Old Mohawk Carpet Mills factory falling apart, Amsterdam mayor searches for solutions

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AMSTERDAM, N.Y. (NEWS10) — The once proud crown jewel of the Carpet City now barely stands as an eyesore and a serious safety hazard.

“It has a wonderful history, but it doesn’t have a very good future. It’s just something that’s got to come down,” says Mayor Michael Cinquanti.

He says the old Mohawk Carpet Mills factory on Elk Street has been falling apart since before he took office, but things are quickly getting worse. Wear and tear and weather now leave much of four floors on one side completely collapsed. He says the safest thing would be to tear it down, but that’s just not possible, since it’s nearly impossible to find the owners.

“We’ve taken it to court, we’ve issued citations, we’ve sent all the required notifications and claims. They keep coming back to us undeliverable, undeliverable,” Cinquanti explains to NEWS10’s Mikhaela Singleton.

He says there is a possibility the company, which lists an address in Long Island, may have gone under and doesn’t exist anymore, but he says it’s also possible those in charge are running an elaborate con.

“There are things that to you or I, there is no rhyme or reason,” he begins. “But there are financial — there’s all kinds of [reasons], you know. ‘I own this factory in northeastern United States that’s worth X-amount of dollars’, and they put it down on something and they go get a loan. It’s a game. It’s a shell game. They take advantage of cities like ours, they take advantage of taxpayers, they take advantage and they put people’s lives in danger.”

It’s a mystery that’s costing Amsterdam more and more money. The owners, listed only on tax records as “Lower Mill Complex LLC”, have not paid property taxes since acquiring the land and buildings around 2005, Cinquanti says. The city also had to put up fences, police and drone patrols to keep people out.

“We’re trying to make sure that we keep it as contained as we possibly can, because we simply don’t have the money to take it off the face of the earth, which is what we would like to do,” he says.

Cinquanti says the building is almost worthless. City tax records place the 5.4 acre property’s full market value at only $163,934 and an assessed taxable value of $100,000. The mayor says the depreciation is largely due to the various fires, extended time unused and subsequent damage. Rotted wooden beams can be seen hanging around the massive hole left by the building collapse, and all around are the broken windows and sinking ceilings. Despite it’s low value, Cinquanti says it would cost $15 to $20 million to knock it down. That would be more than half of the city’s overall budget.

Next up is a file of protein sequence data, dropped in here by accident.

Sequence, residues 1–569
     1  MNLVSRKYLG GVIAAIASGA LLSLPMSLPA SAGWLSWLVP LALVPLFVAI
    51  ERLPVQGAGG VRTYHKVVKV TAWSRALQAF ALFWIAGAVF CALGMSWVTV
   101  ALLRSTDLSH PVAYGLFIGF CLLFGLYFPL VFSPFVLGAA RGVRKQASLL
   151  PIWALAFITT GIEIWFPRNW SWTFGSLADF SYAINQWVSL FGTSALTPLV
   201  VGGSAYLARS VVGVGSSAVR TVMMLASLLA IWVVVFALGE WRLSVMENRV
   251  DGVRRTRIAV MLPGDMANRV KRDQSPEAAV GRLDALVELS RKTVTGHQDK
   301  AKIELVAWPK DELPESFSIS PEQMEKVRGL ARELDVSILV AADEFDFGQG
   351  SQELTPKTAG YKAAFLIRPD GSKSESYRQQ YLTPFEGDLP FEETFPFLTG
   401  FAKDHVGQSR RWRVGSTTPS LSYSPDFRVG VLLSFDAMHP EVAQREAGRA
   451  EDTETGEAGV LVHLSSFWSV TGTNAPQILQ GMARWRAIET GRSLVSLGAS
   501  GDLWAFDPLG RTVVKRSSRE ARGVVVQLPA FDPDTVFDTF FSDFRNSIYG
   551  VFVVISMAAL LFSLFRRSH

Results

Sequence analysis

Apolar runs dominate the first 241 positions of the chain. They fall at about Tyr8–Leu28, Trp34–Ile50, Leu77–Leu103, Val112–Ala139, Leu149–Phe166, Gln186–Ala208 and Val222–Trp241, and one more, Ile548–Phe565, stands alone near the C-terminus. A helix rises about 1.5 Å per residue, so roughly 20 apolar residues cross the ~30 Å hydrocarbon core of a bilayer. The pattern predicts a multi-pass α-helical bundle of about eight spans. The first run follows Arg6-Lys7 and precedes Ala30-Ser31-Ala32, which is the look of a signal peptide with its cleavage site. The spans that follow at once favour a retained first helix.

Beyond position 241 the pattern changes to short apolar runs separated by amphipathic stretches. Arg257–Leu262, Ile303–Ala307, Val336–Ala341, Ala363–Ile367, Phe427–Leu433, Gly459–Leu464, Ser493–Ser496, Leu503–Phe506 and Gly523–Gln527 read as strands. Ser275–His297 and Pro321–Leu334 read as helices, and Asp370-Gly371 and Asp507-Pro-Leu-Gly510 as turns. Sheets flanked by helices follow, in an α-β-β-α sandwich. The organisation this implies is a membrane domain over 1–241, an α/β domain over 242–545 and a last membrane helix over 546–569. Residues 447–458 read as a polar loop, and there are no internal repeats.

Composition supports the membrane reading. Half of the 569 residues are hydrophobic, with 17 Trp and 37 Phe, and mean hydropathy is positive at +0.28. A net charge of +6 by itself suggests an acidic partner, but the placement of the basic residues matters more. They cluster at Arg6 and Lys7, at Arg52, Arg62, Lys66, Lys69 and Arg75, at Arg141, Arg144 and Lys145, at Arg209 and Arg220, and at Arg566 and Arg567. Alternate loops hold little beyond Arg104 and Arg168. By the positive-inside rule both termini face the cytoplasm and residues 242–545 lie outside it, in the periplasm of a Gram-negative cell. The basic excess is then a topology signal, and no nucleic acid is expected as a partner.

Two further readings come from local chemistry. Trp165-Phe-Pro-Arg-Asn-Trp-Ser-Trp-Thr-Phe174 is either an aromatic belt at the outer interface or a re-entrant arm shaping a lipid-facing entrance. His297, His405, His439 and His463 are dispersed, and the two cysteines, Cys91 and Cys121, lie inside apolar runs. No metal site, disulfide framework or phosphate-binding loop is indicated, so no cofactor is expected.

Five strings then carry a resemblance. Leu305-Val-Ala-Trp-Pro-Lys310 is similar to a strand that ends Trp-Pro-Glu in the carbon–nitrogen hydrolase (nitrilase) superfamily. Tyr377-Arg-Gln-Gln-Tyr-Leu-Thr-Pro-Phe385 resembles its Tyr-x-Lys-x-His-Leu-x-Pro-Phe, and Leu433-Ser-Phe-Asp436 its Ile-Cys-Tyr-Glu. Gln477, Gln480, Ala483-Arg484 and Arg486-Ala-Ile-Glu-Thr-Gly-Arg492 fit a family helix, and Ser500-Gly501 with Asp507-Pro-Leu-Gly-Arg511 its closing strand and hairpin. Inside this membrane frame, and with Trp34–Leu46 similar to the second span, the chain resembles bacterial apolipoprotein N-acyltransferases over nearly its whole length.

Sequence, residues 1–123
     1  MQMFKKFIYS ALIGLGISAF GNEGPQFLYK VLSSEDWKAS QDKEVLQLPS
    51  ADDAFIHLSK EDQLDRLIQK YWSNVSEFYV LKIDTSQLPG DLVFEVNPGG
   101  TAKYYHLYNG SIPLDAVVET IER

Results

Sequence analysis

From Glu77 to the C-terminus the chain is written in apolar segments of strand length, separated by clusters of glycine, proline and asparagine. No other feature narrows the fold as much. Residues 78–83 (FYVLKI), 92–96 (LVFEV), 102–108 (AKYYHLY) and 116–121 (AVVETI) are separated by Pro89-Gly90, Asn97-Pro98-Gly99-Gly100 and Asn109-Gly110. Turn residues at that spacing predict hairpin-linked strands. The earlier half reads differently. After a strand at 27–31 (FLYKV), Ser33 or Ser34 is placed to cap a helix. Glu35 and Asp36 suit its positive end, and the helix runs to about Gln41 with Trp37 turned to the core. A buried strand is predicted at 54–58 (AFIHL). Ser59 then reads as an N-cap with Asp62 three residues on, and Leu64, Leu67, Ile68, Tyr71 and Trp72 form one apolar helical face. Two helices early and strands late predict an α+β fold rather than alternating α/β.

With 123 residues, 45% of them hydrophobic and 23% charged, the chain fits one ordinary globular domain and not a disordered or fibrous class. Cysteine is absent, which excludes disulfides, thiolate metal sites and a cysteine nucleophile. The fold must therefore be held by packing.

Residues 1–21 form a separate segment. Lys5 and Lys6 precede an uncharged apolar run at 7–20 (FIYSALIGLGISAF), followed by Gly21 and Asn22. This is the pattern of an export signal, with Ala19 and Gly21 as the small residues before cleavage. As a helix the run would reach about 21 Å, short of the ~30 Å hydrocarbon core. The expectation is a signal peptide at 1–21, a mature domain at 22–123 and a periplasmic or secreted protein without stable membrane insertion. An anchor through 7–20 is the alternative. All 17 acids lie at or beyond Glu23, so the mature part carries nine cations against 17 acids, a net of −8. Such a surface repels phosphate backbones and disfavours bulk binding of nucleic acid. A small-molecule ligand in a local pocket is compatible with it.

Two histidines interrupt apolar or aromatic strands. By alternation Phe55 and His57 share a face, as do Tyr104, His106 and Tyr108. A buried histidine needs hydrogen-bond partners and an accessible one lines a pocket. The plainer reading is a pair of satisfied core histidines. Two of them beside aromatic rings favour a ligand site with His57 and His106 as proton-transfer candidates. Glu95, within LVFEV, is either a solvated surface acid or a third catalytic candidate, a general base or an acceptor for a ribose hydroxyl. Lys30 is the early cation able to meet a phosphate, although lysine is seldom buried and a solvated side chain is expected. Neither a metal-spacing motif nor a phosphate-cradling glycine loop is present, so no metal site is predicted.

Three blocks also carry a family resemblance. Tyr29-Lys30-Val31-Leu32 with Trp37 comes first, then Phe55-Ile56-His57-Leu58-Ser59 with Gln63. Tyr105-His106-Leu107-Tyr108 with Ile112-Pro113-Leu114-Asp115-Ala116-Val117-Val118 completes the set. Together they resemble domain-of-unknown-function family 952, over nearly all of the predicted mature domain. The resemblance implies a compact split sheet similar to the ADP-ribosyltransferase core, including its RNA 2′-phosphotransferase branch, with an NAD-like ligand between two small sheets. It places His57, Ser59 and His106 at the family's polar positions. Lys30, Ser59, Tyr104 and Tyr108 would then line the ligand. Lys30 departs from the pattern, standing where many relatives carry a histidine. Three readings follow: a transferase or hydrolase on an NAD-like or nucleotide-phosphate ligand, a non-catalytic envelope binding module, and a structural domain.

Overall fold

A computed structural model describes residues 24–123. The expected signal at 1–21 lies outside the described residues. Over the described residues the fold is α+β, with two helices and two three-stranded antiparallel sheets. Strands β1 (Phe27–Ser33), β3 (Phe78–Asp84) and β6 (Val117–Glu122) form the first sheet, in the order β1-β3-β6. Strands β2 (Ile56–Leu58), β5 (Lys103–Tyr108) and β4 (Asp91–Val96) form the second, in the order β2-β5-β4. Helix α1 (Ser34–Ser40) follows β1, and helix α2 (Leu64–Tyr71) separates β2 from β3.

“We just couldn’t possibly do that to the taxpayers of the city, but we do have loss of property, loss of life concerns,” he says.

Mayor Cinquanti says before the city resolves to seizing ownership and thus financial burden, they will first keep trying to find the owners and make them take responsibility. His next step is to get the state attorney general involved and request aid from the EPA.

“When we do seek help, I’ve reached out to several agencies already now, we can say this is what we’ve done. We’ve gone down every avenue unsuccessfully,” he explains.

He further adds there is a light glimmer of hope for the property yet. Although the collapsed section is close to 100 years old and made of antiquated brick and wood, other sections built later on were created with steel beams and poured concrete. Cinquanti says he himself spent much of his youth working to restore the building back in his 20s while working with family in construction.

“That portion, I can tell you, it’s built like a bunker and from what we can see of the collapsed portion, it is likely to come in on itself, but not drag down the other sections with it,” Cinquanti explains. “I’ve been in that building, I’ve been up and down the elevators, I’ve been over the ramps. There are opportunities that could come forward that would make that building attractive for a lot of different reasons, but again we have to solve one problem to create the opportunity.”

“We are not going to give up on structures that are safe, with history. We’re going to try and find uses for them, all the more reason to get rid of that unbearable factory,” he goes on to say. “We will solve the problem, but for me to tell you that it’s going to happen next week, next month or next year, I’d be speaking out of turn.”

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